Tuesday, March 10, 2009

Hate Mail


Through our feedback form on the DPVHS website, I received this anonymous message: "I think that it is your responsibility, especially in this hard time for the MSPCA Springfield, to step up to the plate (for once) and become an open admissions shelter. I believe that any 'limited admissions' shelter has NO RIGHT to call themselves a 'Humane Society' for many reasons; one being that you constantly turn animals away and push your 'problems' onto true humane societies like the MSPCA. Who will no longer be your 'dumping ground'..so it's high time you actually help the aniamls [sic] that need it. You people may boast about your high adoption rate, but in reality it is only high because you turn a huge amount of animals away at the door or during a phone call! It's a disgrace! I hope you people decided to take action for once and not pawn your 'unwanted, non adoptable' animals on someone else."

Semantics about the definition of "humane society" aside (there being many humane societies with no sheltering function at all), this anonymous emailer does not say anything we at DPVHS do not already know. We do not boast about our "high adoption rate," because we are well aware that we achieve it only by accepting primarily those animals we believe we can successfully place for adoption. We also readily agree that this is a luxury afforded us by the presence of the MSPCA's open admission shelter in Springfield. The closing of that shelter is very likely to change some of the ways DPVHS operates, including which animals we admit.

What it is unlikely to change, however, is the DPVHS commitment to ending companion animal overpopulation. Our decision, years ago, to accept only those animals with a reasonable chance at finding a new home (even if they needed expensive rehabilitative care beforehand) was a decision based on one principal: adoption programs alone do not end animal homelessness.

DPVHS expends an enormous amount of resources--as a percentage of our budget, far more than most open admission shelters--on homelessness prevention programs (accessible or free sterilization, humane education for at-risk populations, pet food assistance, safe haven foster care, etc.). The challenge of keeping these successful programs operating while also adjusting to a higher than usual influx of animals will be a significant challenge.

While we recognize that our sheltering programs, which re-homed more than 1,300 cats and dogs last year (including 300 cats and kittens taken directly from the MSPCA in Springfield) make a difference to each of those 1,300 individual animals, they aren't the solution to too many pets and not enough homes.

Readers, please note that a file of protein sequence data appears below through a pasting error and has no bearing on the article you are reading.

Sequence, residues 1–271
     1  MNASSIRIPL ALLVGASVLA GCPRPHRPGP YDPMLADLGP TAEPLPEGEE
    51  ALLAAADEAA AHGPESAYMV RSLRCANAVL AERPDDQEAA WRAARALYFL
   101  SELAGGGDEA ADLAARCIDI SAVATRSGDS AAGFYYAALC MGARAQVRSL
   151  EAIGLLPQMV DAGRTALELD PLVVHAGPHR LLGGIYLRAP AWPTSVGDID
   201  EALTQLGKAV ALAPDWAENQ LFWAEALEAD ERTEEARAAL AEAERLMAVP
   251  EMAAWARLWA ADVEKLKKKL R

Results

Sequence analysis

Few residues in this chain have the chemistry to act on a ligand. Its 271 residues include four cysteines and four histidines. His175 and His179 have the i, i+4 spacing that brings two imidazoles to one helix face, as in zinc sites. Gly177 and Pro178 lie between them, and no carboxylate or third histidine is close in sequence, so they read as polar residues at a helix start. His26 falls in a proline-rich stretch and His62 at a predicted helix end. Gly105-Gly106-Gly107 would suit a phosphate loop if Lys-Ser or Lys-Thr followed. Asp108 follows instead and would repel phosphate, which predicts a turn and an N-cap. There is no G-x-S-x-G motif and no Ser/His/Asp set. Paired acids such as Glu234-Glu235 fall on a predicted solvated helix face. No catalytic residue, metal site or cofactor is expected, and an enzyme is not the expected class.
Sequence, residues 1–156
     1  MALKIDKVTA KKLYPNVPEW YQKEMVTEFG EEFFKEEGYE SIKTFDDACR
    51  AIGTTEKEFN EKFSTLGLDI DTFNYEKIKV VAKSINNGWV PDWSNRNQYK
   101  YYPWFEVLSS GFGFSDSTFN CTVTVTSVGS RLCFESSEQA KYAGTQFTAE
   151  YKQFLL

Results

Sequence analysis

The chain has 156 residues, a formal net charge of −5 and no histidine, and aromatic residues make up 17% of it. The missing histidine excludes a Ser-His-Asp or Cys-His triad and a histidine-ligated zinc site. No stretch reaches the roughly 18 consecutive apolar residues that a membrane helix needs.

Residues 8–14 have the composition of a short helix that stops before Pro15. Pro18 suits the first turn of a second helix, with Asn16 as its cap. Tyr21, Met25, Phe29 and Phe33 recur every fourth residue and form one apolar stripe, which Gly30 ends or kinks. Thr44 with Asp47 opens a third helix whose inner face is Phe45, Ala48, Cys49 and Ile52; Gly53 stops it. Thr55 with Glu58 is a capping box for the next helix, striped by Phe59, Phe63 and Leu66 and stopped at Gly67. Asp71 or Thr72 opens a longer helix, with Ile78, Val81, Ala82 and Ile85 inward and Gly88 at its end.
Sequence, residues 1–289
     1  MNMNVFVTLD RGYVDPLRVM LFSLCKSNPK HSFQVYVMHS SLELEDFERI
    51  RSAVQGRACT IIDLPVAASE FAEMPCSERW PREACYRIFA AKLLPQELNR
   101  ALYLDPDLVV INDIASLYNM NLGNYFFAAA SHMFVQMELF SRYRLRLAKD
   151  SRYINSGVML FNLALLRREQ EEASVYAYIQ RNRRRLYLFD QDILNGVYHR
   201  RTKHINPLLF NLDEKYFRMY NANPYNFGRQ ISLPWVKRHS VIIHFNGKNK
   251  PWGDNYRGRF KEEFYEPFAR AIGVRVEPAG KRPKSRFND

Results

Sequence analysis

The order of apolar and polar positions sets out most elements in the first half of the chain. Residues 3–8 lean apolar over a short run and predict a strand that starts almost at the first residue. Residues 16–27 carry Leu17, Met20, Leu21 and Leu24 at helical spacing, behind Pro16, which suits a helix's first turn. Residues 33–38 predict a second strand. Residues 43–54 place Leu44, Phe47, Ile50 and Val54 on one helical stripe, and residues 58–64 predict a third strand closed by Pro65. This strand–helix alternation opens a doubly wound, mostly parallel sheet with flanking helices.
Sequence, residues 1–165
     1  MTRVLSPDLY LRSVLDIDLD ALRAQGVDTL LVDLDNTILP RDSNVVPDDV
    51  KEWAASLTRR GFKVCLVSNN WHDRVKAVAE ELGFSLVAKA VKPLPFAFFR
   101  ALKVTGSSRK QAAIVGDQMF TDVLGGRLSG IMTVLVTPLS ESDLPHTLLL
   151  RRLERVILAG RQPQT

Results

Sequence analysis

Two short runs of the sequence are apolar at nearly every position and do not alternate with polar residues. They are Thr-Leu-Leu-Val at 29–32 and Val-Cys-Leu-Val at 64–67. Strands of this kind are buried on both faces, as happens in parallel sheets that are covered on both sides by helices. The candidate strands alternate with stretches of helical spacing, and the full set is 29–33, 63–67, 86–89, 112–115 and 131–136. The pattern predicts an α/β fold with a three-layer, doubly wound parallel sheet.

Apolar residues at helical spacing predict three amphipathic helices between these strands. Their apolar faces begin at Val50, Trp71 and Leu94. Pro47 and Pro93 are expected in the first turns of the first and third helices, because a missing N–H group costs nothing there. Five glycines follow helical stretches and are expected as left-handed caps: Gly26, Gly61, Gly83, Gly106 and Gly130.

The difference between a limited admission and an open admission shelter isn't simply whether all animals get admitted or not. It's an issue of how resources are allocated. In an ideal world, limited and open admission shelters (along with animal control agencies, trap-neuter-return groups, breed-specific rescuers, and others in the rescue community) all work together to end animal homelessness.

The 300 or so kittens DPVHS took each year from the MSPCA, for instance, were not adoptable kittens ready for adoption--they were infants needing weeks of foster care and medical treatment prior to placement. With the volume of animals coming through their doors during peak kitten season, the MSPCA did not have enough available foster homes to give these kittens a chance. Because DPVHS controls the influx of animals through an appointment system and prioritizing admissions for adoptable or rehabilitable animals, we do have foster homes available. Together, MSPCA and DPVHS saved those kittens' lives.

Neither of us could have done it alone. The MSPCA closing is a loss for the entire community. While my anonymous emailer's divisive and ill-informed hostility doesn't serve to help any animals, it does highlight the looming challenge facing all animal lovers in our region at the end of March when the MSPCA leaves town for good.

4 comments:

  1. Very well said! Thank you, Leslie! And thank you also, Dakin, for helping me as a former Animal Control Officer, with all the dogs I brought you over the years with behavioral, or health issues. When you admitted one of my guests I knew they would receive the very best care and placement. I would much rather have brought the dogs to you, knowing that care would be afforded to them at Dakin, that may have otherwise not been given to them somewhere else. By the same token, I could also refer people who were looking to adopt a pet to you with full confidence that if they chose to adopt from you, it was the best placement for both them and the pet. People in general just don't realize how much you are committed to the animals, but also to the responsible and long term benefits to humanity in general.
    Please don't let negative feedback like your "nameless" email deter you from doing what is right and best for all involved. It is these "nameless" that often times are the ones who are the cowards that DUMP unwanted animals on facilities because they are too irresponsible to have their own pets spayed and neutered, while it is facilities like Dakin Pioneer Valley Humane Society that is left to pick up the pieces and be the saviors for these helpless, voiceless creatures!!
    Stay strong, and stay true!
    Best wishes,
    Terri Hazzard
    Former Belchertown Animal Control Officer

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  3. What a class act you are, Leslie. Good for you for turning a conveniently unsigned, sour comment to an opportunity to tell us — again — what's really at stake here. Ginny

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